It looks to me like they have two choices—neither attractive to them:
1. Full Speed Ahead, Damn the Torpedoes – This might also be called the Pelosi Option for the Speaker’s intransigence for compromise. Just keep driving the existing Democratic bills through. This has the advantage of keeping the liberal wing of the Democratic Party happy but has some pretty tough potential negative consequences.
With a health care approval rating in the low 40s, this invites the continued strong opposition on the right and lots of continued middle-America nervousness over a “government takeover of the health care system” and “spending another trillion dollars when we can’t afford it.” Even if the public option is ditched, that means continuing to push a thousand page health care bill in an environment when the health care reform well has likely been poisoned.
This option includes the threats for using reconciliation rules. As I have said before, you don’t ram anything through with a 41% health care approval rating. And that presumes the reconciliation idea makes sense in the first place. I don’t think it does:
- The Republicans have a ton of parliamentary maneuvers they can use to tie things up indefinitely.
- The suggestion to “split” the bills into one unpopular bill and one popular bill––presuming moderate Democrats and some Republicans might be dumb enough to vote for one and pretend that second bill had nothing to do with the more problematic first one––is foolishness.
2. Scale Health Care Reform Down to Something at Least Moderates in Both Parties Can Live With––This sounds easier than it really is.
As I have posted before, doing just health insurance reform would cost something close to a trillion dollars. Getting rid of pre-existing conditions provisions and medical underwriting requires getting about everyone in the health insurance pool to avoid the insurers getting stuck with only the sick. Health insurance subsidies to accomplish this are by far the most expensive part of the existing bills. In the House bills, the insurance subsides are worth almost $775 billion and the Medicaid expansion is worth almost $450 billion more. Scale those subsidies back and you are still in the $800 billion to $1 trillion range.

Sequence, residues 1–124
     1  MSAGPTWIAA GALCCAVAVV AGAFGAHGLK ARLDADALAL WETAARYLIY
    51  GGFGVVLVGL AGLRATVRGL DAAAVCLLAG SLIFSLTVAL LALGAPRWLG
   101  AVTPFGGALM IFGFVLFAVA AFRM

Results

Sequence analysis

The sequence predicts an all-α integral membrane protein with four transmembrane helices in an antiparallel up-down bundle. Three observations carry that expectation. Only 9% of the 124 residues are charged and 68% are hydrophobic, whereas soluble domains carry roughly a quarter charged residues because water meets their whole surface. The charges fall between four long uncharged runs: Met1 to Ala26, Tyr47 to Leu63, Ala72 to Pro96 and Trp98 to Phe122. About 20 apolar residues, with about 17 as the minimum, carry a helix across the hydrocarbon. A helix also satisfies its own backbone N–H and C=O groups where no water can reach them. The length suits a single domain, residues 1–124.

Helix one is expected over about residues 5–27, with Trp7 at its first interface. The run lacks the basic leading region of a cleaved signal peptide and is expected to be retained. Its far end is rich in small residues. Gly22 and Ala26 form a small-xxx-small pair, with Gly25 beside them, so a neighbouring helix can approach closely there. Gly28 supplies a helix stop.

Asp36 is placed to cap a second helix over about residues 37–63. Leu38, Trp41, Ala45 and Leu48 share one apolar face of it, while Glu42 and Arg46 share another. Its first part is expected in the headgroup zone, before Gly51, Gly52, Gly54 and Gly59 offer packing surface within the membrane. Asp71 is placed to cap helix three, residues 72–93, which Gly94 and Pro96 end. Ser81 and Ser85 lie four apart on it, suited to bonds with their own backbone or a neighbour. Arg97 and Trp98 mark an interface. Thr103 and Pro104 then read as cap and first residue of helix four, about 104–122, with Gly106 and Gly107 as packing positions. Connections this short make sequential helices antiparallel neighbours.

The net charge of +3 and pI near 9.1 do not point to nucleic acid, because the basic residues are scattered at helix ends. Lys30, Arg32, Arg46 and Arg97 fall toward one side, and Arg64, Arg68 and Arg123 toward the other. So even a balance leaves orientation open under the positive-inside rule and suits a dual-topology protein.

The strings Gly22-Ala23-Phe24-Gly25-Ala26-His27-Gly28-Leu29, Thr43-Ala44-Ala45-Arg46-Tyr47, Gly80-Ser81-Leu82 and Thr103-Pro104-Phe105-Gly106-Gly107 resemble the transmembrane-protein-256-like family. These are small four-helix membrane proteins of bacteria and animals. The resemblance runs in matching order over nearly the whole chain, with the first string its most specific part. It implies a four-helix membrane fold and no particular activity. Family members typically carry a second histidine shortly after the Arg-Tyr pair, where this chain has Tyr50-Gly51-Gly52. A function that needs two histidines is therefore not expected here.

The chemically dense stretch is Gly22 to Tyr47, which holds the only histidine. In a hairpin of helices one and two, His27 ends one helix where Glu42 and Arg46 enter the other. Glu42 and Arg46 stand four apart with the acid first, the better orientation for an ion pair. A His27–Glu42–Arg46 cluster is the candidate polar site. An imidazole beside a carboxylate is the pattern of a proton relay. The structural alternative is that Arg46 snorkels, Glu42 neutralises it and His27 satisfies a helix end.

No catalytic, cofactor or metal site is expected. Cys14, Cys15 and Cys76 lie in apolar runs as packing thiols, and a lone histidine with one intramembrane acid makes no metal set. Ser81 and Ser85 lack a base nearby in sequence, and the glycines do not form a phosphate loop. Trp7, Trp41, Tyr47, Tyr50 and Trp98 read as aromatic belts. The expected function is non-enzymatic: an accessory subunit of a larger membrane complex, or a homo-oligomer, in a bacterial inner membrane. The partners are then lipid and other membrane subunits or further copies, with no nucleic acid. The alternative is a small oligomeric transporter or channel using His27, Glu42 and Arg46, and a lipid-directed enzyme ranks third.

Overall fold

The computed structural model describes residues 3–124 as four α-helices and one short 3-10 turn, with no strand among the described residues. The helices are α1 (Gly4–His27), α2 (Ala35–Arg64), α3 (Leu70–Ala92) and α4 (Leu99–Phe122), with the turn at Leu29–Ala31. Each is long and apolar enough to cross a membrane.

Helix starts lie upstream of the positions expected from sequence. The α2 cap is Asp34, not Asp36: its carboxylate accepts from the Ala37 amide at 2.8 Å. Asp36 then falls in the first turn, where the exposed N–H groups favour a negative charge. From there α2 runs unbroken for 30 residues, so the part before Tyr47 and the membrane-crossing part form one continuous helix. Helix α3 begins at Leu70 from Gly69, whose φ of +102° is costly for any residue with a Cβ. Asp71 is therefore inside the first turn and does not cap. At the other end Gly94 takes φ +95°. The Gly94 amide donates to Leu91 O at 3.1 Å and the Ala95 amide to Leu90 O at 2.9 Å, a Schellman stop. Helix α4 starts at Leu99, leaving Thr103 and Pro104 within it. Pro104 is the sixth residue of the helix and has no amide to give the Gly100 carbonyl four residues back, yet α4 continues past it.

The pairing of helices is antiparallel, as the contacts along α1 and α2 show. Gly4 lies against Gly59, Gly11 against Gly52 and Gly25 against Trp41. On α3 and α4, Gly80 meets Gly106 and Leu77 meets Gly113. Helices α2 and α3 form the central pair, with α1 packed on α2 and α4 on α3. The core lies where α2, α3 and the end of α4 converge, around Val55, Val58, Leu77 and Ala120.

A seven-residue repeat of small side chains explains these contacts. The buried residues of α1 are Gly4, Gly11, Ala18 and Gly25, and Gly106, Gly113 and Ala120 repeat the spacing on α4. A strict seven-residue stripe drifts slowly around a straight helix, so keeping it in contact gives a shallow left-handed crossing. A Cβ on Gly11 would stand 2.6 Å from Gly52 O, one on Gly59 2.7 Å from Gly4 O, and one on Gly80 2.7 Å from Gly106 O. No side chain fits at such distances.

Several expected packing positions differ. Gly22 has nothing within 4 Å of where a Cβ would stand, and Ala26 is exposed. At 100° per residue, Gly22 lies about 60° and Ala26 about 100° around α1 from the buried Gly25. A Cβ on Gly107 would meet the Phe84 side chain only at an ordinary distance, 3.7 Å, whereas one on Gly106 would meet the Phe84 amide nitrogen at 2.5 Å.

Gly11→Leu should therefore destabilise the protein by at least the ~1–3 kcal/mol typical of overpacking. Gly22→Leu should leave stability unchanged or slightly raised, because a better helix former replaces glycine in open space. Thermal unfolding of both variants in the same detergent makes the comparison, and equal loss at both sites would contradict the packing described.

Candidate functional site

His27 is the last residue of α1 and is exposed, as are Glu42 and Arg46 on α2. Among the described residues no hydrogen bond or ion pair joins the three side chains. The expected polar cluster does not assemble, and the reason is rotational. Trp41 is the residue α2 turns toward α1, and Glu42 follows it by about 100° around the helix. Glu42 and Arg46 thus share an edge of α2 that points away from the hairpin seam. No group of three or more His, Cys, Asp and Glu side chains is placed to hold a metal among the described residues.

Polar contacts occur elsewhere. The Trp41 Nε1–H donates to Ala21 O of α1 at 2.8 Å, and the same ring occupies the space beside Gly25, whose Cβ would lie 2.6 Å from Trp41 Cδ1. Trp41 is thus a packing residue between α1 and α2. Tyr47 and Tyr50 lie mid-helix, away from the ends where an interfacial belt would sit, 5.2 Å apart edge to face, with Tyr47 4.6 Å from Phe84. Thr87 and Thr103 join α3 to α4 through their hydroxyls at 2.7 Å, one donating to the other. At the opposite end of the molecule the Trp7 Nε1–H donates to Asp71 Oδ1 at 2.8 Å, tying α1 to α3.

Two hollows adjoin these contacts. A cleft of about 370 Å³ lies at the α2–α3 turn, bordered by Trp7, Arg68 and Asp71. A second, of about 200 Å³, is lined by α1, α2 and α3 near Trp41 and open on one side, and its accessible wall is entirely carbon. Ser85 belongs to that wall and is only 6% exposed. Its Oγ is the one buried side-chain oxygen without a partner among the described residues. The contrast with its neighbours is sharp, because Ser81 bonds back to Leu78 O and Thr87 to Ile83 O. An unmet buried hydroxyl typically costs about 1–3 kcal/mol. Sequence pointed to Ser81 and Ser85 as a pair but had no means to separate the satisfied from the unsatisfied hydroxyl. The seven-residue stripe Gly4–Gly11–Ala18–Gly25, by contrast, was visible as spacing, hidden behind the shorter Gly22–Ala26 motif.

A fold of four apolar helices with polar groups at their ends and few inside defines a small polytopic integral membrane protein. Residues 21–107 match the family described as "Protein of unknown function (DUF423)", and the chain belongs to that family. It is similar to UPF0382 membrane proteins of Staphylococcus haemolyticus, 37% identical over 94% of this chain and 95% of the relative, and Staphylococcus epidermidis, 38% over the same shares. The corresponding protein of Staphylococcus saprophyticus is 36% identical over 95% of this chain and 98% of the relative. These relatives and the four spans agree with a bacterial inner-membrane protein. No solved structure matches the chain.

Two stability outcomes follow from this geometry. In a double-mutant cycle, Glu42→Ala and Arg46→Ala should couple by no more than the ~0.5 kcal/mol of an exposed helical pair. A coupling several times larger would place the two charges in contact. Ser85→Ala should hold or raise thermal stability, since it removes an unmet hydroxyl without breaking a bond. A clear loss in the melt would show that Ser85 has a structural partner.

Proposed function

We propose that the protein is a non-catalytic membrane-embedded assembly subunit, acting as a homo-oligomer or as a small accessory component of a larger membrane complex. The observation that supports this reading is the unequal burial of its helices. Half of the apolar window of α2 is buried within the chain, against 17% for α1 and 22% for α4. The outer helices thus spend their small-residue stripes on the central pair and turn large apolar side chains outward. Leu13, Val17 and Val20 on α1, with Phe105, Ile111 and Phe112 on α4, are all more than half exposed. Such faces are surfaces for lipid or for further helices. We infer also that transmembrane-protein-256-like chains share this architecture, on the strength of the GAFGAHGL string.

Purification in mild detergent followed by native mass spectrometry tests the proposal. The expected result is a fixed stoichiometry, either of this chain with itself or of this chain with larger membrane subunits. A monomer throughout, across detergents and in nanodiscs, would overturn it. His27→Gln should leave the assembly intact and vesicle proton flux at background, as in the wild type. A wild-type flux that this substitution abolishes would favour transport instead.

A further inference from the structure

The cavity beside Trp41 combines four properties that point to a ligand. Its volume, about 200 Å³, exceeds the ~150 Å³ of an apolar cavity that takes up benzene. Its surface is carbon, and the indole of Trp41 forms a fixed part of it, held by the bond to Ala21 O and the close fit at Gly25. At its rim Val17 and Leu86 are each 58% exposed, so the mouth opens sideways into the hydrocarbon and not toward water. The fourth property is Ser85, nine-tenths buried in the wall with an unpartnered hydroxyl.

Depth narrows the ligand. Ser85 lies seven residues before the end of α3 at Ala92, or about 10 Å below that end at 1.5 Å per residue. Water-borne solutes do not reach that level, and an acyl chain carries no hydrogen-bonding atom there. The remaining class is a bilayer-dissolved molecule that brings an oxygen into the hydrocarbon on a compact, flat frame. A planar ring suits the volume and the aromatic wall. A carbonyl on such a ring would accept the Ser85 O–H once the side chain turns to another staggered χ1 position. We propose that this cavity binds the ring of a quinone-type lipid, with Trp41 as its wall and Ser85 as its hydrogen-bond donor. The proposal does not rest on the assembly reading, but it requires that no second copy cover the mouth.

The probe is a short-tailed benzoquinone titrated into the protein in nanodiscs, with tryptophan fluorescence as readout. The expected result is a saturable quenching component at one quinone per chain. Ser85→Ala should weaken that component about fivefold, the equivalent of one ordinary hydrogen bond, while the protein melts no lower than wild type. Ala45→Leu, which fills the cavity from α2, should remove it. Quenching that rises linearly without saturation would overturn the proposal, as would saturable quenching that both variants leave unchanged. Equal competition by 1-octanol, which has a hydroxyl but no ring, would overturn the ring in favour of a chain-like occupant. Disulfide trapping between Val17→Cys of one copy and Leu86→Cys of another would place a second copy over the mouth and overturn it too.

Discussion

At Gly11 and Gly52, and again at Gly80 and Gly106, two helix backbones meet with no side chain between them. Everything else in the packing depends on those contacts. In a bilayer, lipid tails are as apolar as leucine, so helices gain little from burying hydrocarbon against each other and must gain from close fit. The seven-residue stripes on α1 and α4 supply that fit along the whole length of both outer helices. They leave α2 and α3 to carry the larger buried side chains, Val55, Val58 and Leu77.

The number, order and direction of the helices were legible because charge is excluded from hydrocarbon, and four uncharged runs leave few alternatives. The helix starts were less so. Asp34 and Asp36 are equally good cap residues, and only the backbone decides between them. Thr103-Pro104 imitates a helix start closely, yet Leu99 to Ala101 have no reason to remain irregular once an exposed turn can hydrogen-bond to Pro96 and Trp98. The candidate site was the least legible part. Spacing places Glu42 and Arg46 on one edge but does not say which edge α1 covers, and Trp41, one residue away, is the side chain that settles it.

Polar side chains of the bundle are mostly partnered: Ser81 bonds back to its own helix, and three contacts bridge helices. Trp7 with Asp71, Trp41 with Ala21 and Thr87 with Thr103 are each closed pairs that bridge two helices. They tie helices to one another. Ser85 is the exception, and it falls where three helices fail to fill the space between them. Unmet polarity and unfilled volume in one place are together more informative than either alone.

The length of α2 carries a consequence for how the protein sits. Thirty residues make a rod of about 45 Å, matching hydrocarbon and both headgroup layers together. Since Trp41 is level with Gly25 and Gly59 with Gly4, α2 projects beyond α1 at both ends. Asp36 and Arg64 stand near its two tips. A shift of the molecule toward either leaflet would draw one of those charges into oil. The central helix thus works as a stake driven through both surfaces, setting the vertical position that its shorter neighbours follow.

A bill that costs that much still scares those worried that this kind of entitlement expansion is too costly—particularly because the bills on the table so far have had little in the way of real cost containment.
An even more modest bill would likely be necessary to get moderates onside.
You could probably get a smaller cost bill—perhaps $250 billion over ten years—by targeting subsidies on the small employer market. Dollars could be targeted, limited in scope, and make a “down payment” toward covering at least a few million people. A targeted expansion of Medicaid could be part of such a package but nowhere near the 130% target in existing bills.
This has the advantage of creating a bill you could likely get moderate Democrats and even a lot of Republicans to support. It would settle down voter opposition.
But it would also constitute a “huge missed opportunity” to really create a universal health insurance system. Liberals would likely go ballistic believing the White House has abandoned the signature domestic promise of the campaign.
The Democrats are in a hell of a health care political hole.
Neither of these options is politically attractive--each has both extreme opportunity and consequences.
Sort of reminds me of what Stan told Ollie: “Well, here’s another nice [health care reform] mess you’ve gotten me into.”
Or, you could just hope for a miracle phone call:
Earlier post: There Will Not Be Health Care Reform in 2009 Without Republican Leadership